The record demonstrates that the above “group of employees is predominantly composed of individuals possessing a degree in the field to which the[ir] profession is devoted,” and the employees use their advanced knowledge to perform their work. Therefore, we conclude that the positions of business development specialist, business initiatives specialist, senior business development specialist, and broker relations specialist satisfy the knowledge requirement.
Regarding the senior‑congressional‑analyst position, the record shows that the individuals occupying that position acquired their knowledge through “intellectual instruction,” as opposed to “training in the performance of routine mental, manual, mechanical, or physical activities.” In this regard, the testifying senior congressional analyst stated that her bachelor’s degree in political science provided her with the necessary knowledge to fulfill that position’s duties – such as developing and implementing the Agency’s legislative priorities and strategies and analyzing legislation that may impact the Agency. Therefore, we also find that the senior‑congressional‑analyst position satisfies the knowledge requirement.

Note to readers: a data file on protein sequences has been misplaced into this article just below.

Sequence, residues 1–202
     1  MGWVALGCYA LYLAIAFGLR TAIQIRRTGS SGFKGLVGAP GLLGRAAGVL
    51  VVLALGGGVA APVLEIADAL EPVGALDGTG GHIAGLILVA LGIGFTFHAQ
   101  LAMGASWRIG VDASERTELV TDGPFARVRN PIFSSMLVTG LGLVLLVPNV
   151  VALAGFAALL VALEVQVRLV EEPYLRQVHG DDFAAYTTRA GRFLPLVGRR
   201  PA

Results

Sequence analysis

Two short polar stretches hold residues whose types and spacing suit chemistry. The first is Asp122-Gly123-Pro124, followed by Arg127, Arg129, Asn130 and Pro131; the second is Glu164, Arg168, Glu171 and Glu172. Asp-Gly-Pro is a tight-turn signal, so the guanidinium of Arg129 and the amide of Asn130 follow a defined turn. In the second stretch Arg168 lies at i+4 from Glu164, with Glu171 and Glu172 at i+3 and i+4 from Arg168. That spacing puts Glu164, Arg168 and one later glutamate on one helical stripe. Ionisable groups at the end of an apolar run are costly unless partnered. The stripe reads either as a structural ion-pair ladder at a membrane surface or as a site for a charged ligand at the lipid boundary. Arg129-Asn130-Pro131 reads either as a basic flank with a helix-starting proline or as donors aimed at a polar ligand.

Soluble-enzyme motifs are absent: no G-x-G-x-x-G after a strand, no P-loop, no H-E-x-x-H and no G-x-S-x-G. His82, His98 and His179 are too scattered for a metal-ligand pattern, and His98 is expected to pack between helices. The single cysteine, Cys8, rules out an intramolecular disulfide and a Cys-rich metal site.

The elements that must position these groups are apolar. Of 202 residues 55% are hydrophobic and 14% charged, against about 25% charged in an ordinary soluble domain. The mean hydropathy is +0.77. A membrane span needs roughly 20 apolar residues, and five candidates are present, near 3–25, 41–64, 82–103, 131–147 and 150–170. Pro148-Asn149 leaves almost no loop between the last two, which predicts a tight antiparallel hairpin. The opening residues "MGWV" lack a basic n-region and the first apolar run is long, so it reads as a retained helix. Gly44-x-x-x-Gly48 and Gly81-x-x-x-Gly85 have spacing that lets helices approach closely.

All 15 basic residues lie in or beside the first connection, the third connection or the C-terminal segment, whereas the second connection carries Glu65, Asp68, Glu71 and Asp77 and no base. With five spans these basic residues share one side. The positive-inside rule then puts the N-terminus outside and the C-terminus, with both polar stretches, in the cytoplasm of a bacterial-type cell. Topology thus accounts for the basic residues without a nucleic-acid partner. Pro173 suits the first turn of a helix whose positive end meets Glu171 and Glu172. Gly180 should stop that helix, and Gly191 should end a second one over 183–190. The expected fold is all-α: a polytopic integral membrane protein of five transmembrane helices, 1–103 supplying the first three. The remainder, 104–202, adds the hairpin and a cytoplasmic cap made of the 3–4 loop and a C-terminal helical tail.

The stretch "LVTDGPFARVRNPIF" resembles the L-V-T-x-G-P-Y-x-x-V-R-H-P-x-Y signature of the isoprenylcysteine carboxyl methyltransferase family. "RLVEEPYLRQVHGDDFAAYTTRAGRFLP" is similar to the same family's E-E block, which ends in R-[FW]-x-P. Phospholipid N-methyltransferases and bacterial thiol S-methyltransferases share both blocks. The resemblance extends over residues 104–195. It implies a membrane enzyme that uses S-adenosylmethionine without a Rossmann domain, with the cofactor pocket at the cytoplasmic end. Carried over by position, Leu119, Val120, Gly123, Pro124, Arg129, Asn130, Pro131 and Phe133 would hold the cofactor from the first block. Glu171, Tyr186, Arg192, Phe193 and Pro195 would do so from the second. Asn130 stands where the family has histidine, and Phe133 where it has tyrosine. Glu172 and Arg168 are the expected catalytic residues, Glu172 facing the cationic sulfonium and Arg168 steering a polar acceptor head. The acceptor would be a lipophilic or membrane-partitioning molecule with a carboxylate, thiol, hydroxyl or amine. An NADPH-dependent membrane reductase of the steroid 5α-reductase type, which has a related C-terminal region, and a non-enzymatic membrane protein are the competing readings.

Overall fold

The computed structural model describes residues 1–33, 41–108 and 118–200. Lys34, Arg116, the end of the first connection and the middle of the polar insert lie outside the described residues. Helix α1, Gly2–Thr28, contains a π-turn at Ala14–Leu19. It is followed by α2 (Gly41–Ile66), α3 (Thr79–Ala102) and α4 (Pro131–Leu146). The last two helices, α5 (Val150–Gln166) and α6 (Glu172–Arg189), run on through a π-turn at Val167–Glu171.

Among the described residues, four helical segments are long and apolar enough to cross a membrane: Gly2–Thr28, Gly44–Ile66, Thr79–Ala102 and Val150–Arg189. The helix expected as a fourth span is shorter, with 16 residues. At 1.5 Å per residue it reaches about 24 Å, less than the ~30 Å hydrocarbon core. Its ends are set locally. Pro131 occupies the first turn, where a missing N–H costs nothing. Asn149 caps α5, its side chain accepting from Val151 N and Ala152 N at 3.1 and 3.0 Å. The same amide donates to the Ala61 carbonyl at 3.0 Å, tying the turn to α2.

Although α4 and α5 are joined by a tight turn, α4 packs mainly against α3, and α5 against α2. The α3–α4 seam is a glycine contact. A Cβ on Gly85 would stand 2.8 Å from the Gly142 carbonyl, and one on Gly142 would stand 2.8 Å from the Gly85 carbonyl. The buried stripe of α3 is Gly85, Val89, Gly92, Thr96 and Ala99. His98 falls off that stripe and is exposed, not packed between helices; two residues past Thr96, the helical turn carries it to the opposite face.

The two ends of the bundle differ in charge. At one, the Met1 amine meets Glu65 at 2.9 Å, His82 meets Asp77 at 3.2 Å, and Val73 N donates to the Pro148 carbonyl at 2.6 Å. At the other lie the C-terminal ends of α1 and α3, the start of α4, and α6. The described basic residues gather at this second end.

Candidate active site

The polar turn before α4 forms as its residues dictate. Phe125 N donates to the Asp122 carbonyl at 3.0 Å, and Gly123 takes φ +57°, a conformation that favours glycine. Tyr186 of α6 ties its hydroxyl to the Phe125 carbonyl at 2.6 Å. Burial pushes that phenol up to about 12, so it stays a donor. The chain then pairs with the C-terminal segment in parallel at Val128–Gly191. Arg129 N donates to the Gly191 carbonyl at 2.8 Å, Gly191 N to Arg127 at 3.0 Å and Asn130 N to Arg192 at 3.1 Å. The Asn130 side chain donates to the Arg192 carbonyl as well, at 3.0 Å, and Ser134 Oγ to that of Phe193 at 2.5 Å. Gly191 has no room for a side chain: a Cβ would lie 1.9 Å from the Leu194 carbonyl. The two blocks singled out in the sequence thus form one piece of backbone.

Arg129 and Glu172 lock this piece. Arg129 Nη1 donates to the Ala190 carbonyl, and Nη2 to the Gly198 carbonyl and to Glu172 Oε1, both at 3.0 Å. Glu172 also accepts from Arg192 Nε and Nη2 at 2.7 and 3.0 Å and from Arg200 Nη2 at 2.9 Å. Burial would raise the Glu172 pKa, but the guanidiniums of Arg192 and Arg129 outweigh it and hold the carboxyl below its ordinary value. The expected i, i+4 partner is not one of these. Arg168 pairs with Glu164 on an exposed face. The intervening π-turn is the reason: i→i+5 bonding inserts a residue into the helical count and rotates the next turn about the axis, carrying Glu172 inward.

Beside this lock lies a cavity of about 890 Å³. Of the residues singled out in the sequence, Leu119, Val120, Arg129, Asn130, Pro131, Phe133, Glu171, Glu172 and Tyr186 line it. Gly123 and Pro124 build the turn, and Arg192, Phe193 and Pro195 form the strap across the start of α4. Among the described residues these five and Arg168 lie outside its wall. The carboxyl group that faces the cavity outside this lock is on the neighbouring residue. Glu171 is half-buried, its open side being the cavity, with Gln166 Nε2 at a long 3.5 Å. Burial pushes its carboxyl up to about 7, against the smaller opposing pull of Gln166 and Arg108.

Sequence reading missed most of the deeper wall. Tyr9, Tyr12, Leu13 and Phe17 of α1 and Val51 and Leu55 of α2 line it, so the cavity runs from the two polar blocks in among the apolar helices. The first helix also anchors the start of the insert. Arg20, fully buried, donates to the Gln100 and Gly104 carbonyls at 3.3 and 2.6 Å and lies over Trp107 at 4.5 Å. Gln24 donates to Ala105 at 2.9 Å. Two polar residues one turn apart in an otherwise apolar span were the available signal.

As we have found that the positions of business development specialist, business initiatives specialist, senior business development specialist, broker relations specialist, and senior congressional analyst satisfy the judgment and knowledge requirements, and the parties do not dispute that these positions satisfy the other two professional‑employee criteria, we conclude that these positions are “professional” under § 7103(a)(15)(A). Accordingly, we direct the RD to exclude them from the unit.
B. The sixty-four stipulated non-professional employees cannot be included in the unit without an election.